• Pabellón 1800 by Taller Mauricio Rocha + Gabriela Carillo makes use of agave leaves discarded by the tequila industry to flesh out a conical form sited among the blooming jacaranda trees in Alameda Central, the oldest public park in the Americas. Photo By: RAFAEL GAMO

Finding Community at Mextrópoli 2019
Produced by Arquine, Mexico City

With over 21 million inhabitants, Mexico City is the most populated metropolis in the Western Hemisphere and the largest Spanish-speaking city in the world. Mextrópoli, a wide-ranging annual festival of architecture and urbanism organized by the multimedia entity Arquine, engaged with the city’s spatial and cultural boundaries with this year’s theme: Donde termina la ciudad — where the city ends.

Staging events and exhibitions around the city for over a week in March — including bike tours, pavilions, workshops, and panel discussions — the festival culminated in two days of talks at the Teatro Metropólitan, talks that included 2016 Pritzker Prize laureate Alejandro Aravena, David Chipperfield, and Dominique Perrault, among a strong field of designers, theorists, and advocates from around the world.

Aravena, based in Santiago, Chile, gave the keynote presentation, making a pitch to increase the availability of affordable housing. The concept is based on partially constructing houses that are built out as minimal legal dwellings and later completed by the owners as they can afford to expand. Elemental, led by Aravena, first used this model in Constitución, Chile, after an earthquake of 8.8 magnitude destroyed 80 percent of the town’s buildings.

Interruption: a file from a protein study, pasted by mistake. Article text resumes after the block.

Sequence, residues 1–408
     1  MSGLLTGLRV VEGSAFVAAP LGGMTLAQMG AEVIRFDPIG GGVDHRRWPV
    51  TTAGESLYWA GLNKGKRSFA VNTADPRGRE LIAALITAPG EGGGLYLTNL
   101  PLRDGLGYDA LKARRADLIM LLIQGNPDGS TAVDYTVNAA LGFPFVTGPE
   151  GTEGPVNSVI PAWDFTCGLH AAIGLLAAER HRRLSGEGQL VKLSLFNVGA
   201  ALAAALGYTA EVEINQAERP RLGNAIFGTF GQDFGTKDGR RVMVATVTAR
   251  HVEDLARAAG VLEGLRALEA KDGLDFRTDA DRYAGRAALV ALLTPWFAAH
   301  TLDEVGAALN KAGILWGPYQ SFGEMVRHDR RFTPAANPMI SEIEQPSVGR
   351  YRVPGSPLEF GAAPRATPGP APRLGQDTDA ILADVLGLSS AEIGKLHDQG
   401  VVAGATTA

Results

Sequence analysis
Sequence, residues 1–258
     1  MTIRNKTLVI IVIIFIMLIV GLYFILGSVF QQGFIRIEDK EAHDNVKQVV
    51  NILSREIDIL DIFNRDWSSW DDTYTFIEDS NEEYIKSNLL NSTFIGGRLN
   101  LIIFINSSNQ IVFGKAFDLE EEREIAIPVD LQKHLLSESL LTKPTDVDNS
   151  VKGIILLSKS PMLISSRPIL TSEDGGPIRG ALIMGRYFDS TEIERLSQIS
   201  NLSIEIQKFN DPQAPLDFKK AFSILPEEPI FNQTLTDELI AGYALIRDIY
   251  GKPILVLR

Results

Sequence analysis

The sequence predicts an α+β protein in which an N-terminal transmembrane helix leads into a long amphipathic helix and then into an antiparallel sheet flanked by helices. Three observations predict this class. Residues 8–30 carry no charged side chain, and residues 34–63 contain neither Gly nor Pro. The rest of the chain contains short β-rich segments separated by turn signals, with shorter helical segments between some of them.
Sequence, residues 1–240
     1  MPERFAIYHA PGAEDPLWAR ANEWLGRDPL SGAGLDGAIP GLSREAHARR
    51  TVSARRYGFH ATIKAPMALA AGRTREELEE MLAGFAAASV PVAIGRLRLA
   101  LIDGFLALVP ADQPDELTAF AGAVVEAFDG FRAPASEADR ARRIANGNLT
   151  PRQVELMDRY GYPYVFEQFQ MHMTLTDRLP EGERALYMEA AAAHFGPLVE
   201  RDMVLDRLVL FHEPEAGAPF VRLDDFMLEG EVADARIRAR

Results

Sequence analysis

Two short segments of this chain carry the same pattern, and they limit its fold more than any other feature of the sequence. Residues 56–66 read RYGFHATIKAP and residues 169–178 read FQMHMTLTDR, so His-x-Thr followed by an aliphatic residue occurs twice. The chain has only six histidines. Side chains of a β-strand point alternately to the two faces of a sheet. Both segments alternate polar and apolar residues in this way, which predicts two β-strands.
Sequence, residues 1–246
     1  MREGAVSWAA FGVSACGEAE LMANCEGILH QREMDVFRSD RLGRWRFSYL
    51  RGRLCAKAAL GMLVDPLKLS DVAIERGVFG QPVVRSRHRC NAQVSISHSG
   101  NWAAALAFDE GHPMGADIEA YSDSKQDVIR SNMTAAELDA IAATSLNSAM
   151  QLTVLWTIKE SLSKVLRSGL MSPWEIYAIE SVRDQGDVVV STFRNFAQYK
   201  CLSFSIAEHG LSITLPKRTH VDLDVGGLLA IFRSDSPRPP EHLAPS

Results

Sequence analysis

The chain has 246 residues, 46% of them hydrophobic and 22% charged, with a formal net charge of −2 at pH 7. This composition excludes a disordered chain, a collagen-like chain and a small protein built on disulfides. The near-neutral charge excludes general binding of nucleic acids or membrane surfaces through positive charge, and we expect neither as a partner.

The units are organized in long parallel rows of connected houses with gable roofs. Only half of the available area is complete when the houses are sold, and they can be rather simply extended within the existing structural framework. Aravena believes this approach can be an international model for providing housing at minimum cost and maximum flexibility. In 2016, he made the plans available for free to anyone interested in developing them.

Other socially minded presentations included Rozana Montiel’s (Mexico City) — projects that established spaces for children to play within harsh urban environments and used creative design to improve community life and educational facilities. Marina Otero (Rotterdam, Netherlands) presented a more radical project documenting a participatory design scheme for an urban squatter community in Rotterdam, while Mariam Kamara of Niger discussed how developing public space in her hometown of Niamey could facilitate the freer movement of women in the predominantly Muslim city.

MMX, a team of four designers based in Mexico City who received the (New York) Architectural League Prize in 2012, presented an enviable set of projects that skewed more toward design than social concerns. In particular, their pavilion Jardines Centrales Jojutla showed an elegant finesse with ingenious simplicity and a modest scale. The public pavilion and walkway is composed of intersecting arches that can be extended to create covered walkways or larger shaded areas. It beautifully defies any particular vintage or authorship.